Warren Calls for Owners of For-Profits to Be Held Financially Responsible

October 6, 2020

The advocacy group Student Defense and Democratic senator Elizabeth Warren called on the Education Department on Monday to make the owners of for-profit schools financially liable for the financial losses of students if they are defrauded by the institutions.

The proposal would be a step up from previous efforts, even by progressives, that have centered on making it easier for students who have been misled by some for-profits about the value of the degrees they’d get to have their loans forgiven by the federal government.

But Student Defense said in a policy paper about acts the next education secretary could take without Congress’s approval that the Higher Education Act would allow the department to “recover financial losses from individuals who ‘exercise substantial control over [an] institution,’ i.e., individuals who ‘directly or indirectly’ control a ‘substantial ownership interest in the institution,’ and individuals who are ‘member[s] of the board of directors, the chief executive officer, or other executive officer of the institution or of an entity that holds a substantial ownership interest in the institution.’”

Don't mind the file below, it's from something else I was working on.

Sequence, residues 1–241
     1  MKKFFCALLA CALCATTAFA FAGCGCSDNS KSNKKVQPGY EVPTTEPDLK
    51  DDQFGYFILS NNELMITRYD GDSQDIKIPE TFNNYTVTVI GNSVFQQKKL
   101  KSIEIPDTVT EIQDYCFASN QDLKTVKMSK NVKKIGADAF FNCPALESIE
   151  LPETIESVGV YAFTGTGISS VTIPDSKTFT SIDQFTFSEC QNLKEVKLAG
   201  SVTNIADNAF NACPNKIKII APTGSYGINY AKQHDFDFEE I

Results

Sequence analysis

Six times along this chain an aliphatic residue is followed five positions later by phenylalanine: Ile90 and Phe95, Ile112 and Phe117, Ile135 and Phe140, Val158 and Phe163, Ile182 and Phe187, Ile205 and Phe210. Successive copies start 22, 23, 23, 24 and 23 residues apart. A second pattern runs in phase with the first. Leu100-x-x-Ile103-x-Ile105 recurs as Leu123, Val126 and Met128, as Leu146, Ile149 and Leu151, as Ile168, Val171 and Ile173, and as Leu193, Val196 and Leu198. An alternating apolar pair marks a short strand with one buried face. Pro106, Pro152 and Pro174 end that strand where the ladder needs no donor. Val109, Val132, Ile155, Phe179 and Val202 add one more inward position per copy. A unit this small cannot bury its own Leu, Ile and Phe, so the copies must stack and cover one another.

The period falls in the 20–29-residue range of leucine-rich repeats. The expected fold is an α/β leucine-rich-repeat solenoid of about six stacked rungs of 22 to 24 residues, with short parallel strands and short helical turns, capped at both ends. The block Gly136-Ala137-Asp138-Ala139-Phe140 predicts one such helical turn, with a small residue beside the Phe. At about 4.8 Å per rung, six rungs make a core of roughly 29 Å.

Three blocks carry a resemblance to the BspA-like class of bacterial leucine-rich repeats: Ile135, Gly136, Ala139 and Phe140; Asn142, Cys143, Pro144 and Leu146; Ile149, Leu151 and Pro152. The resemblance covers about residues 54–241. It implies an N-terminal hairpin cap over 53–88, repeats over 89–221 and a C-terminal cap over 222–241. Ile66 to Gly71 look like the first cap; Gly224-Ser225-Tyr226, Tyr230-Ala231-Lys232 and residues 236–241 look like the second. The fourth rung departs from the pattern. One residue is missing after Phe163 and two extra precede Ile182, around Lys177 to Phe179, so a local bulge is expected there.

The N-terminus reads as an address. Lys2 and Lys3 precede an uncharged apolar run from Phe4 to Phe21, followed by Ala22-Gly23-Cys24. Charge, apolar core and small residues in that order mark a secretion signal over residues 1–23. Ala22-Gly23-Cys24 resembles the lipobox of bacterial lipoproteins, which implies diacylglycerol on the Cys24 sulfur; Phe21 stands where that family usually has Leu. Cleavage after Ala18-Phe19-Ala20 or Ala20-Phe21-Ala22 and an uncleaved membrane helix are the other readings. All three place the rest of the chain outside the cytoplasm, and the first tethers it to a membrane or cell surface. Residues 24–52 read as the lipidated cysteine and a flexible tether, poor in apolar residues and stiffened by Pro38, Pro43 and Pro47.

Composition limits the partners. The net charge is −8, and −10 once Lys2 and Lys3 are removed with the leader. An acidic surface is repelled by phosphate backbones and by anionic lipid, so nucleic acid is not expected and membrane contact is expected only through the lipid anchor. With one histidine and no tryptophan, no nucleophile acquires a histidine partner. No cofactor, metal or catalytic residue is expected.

Warren, in a press release, said much of the nation’s $1.5 trillion in student debt “came from predatory for-profit colleges that defrauded students while their executives and owners got filthy rich off of taxpayer dollars with zero accountability. We need a Department of Education that will end this boondoggle, protect students, cancel fraudulent student debt, and, as Student Defense's report shows, use every tool available to hold college executives and owners who defraud students personally accountable.”

Steve Gunderson, president and CEO of the industry group for the for-profits, Career Education Colleges and Universities, responded that loans to attend for-profits make up a small percentage of those given in the 2017-18 academic year.

“We proudly serve a population that is now providing many of the front-line jobs fighting the pandemic,” he said. “Don’t look at 10-year-old data to make an ideological argument; look at today’s data to recognize the important role our sector plays in producing students with real skills and in serving a nation through our essential workers.”

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